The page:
Finally, to the extent McGuire-Welch complains generally that Perri was antagonistic toward her, such claims of unfair treatment do not satisfy her burden to show unlawful age discrimination. See Grillo v. N.Y.C. Transit Auth., 291 F.3d 231, 235 (2d Cir. 2002) (upholding summary judgment award to defendant where, even crediting plaintiff's claim that “he was unfairly singled out for punishment,” plaintiff did not establish such treatment was due to a discriminatory motive); Norton v. Sam's Club, 145 F.3d 114, 120 (2d Cir. 1998) (recognizing that anti-discrimination law “does not make employers liable for doing stupid or even wicked things” but only “for discriminating, for firing people on account of their age” (emphasis in original)).
In sum, because McGuire-Welch failed to adduce sufficient evidence to show that defendants’ articulated reason for her termination was a pretext for age discrimination, defendants were entitled to summary judgment on her discrimination claims. See Abdu-Brisson v. Delta Air Lines, Inc., 239 F.3d at 470 (affirming summary judgment in favor of defendant where plaintiffs “met their de minimis burden of establishing a prima facie case of age discrimination,” but “failed to produce sufficient evidence to support a rational finding that the non-discriminatory ․ reasons proffered by the defendant for the challenged employment actions were false”).
2. Retaliation Claims
Retaliation claims under the ADA, Rehabilitation Act, and NYSHRL are also governed by the McDonnell Douglas burden-shifting framework. See Widomski v. State Univ. of N.Y. (SUNY) at Orange, 748 F.3d 471, 476 (2d Cir. 2014); Zann Kwan v. Andalex Grp. LLC, 737 F.3d 834, 843 (2d Cir. 2013); Treglia v. Town of Manlius, 313 F.3d 713, 719 (2d Cir. 2002). To carry her prima facie burden, McGuire-Welch had to show that (1) she engaged in protected activity, (2) the employer was aware of this activity, (3) she was subjected to an adverse employment action, and (4) a causal connection existed between the adverse employment action and her protected activity. See Weixel v. Bd. of Educ. of the City of N.Y., 287 F.3d 138, 148 (2d Cir. 2002). Defendants then had to proffer a non-discriminatory reason for the challenged action, whereupon the burden shifted back to McGuire-Welch to show that reason was pretextual. See Treglia v. Town of Manlius, 313 F.3d at 721.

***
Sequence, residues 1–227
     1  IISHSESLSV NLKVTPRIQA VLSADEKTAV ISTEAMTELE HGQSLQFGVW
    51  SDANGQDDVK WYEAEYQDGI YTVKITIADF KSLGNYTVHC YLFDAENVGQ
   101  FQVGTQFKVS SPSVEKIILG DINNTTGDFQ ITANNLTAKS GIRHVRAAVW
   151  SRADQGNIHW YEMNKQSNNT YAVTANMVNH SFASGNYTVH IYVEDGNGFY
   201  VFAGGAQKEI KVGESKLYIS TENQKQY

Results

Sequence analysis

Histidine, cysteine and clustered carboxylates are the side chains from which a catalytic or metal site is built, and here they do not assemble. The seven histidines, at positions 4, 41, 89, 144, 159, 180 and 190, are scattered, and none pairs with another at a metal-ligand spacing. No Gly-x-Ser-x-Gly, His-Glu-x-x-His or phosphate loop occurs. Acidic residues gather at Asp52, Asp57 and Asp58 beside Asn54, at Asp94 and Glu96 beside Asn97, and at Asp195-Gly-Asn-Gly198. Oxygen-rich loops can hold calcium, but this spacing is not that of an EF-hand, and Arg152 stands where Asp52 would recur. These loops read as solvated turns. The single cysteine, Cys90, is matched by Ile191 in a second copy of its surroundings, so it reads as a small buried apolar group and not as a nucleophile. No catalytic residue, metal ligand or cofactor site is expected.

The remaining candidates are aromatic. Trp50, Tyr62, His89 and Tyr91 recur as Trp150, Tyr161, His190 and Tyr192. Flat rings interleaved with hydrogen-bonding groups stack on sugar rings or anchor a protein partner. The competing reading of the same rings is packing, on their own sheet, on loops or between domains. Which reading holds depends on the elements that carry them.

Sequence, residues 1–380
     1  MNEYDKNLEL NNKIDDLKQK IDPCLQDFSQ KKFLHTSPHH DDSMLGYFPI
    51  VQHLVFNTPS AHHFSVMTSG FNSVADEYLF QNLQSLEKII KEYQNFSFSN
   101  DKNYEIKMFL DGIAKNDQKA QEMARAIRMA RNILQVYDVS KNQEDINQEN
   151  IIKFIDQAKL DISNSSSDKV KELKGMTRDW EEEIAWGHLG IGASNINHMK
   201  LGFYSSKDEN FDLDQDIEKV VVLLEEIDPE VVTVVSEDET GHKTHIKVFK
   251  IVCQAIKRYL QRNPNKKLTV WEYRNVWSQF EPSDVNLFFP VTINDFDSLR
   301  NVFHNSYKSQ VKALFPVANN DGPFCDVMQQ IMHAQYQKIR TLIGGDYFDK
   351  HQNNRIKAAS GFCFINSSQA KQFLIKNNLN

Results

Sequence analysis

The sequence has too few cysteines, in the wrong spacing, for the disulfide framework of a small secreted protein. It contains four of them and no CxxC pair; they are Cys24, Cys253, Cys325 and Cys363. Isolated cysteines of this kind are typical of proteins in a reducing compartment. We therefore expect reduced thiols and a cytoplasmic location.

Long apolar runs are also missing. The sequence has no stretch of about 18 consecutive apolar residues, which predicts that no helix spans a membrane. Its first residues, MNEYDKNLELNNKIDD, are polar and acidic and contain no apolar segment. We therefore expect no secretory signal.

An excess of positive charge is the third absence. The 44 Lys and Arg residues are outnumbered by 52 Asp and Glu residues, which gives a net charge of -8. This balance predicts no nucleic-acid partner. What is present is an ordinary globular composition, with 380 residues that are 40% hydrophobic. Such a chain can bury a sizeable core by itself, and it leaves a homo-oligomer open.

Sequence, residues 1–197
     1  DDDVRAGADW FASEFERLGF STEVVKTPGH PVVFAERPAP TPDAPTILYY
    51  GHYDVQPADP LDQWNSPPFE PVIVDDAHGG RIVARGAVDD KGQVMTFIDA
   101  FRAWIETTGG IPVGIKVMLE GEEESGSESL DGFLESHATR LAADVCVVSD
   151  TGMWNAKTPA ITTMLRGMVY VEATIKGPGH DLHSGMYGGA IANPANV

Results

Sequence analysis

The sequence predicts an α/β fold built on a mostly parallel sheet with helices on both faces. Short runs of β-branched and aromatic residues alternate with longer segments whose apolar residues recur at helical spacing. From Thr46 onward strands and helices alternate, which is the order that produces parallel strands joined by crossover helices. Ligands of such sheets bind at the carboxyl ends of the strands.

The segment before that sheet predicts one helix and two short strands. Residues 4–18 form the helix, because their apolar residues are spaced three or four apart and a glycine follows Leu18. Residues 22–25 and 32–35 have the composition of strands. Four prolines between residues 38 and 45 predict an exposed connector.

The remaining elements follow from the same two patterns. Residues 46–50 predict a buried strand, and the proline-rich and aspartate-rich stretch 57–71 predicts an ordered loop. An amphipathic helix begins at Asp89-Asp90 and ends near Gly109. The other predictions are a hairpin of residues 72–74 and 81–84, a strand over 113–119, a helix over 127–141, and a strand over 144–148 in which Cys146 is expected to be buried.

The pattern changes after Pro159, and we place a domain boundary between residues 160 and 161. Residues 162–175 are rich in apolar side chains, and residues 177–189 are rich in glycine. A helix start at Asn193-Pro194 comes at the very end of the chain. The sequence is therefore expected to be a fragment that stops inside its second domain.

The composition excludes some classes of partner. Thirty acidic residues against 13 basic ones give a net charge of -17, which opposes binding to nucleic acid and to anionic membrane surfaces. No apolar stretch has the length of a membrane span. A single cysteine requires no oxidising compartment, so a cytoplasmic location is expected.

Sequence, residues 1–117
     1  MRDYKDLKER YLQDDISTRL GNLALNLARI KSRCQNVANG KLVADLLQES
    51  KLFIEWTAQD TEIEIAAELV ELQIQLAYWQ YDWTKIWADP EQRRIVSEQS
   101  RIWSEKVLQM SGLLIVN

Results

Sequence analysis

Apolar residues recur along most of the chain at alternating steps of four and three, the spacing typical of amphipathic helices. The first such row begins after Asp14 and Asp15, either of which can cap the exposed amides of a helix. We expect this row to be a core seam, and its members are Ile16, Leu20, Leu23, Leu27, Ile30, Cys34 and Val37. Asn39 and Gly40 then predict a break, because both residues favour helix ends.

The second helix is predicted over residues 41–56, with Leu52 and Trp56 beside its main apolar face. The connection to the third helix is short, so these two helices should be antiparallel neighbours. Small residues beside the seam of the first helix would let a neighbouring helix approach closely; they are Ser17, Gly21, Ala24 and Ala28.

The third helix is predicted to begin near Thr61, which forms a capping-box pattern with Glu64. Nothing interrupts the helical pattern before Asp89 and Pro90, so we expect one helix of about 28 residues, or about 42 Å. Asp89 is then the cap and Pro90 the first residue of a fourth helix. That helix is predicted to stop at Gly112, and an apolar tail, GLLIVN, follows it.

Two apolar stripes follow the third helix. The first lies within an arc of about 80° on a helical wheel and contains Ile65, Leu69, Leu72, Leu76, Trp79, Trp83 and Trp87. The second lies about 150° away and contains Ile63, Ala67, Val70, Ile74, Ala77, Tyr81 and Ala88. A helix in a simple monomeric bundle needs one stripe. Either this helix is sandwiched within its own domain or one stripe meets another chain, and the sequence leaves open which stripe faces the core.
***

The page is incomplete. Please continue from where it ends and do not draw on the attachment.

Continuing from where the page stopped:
McGuire-Welch challenges the district court's determination that she failed to adduce sufficient evidence to support her retaliation claims, arguing that a rational trier of fact could find she was terminated for advocating on behalf of disabled students. We disagree.
McGuire-Welch argues on appeal primarily that Perri was improperly concerned with “protect[ing] the image of the Tilton School over the special educational needs of its disabled students,” while McGuire-Welch, in contrast, was committed to meeting such students’ needs. Appellant's Br. at 34. Even assuming that Perri, unlike McGuire-Welch, failed to prioritize the needs of disabled students, McGuire-Welch does not explain how such facts, by themselves, would support an inference of retaliatory discharge.
McGuire-Welch points to her testimony that, shortly before being terminated, she told another employee, Mary Palmer, that a student who had been released from jail should be allowed to take an exam, but that Palmer informed McGuire-Welch that Perri decided “ ‘the student was not in the right frame of mind’ to take the test.” App'x 633 McGuire-Welch adduces no evidence, however, that defendants could have reasonably understood the opinion she expressed to Palmer as protesting or opposing unlawful disability discrimination. See Kelly v. Howard I. Shapiro & Assocs. Consulting Eng'rs, P.C., 716 F.3d 10, 15 (2d Cir. 2013); Galdieri–Ambrosini v. Nat'l Realty & Dev. Corp., 136 F.3d 276, 292 (2d Cir. 1998). Notably, McGuire-Welch does not suggest, much less offer evidence, that she made any complaint or took any other action following Perri's contrary test decision. Her affidavit states simply that she told the student's teacher “it was Defendant Perri's decision and there was nothing [she] could do about it.” App'x 634. Accordingly, McGuire-Welch's statement to Palmer that the student should be permitted to take the test does not qualify as protected activity giving rise to a claim of retaliation.
In sum, because McGuire-Welch failed to adduce sufficient evidence to make out a prima facie case of retaliation, defendants were entitled to summary judgment on this claim.
We have considered McGuire-Welch's remaining arguments and conclude that they are without merit. Accordingly, the award of summary judgment in favor of defendants is AFFIRMED.
1. We need not here resolve the issue, because, even if we applied the lower Title VII standard and required only that age was a “motivating factor,” see Shultz v. Congregation Shearith Israel of the City of N.Y., 867 F.3d 298, 304 (2d Cir. 2017) (internal quotation marks omitted), we would still conclude McGuire-Welch's NYSHRL age discrimination claim fails.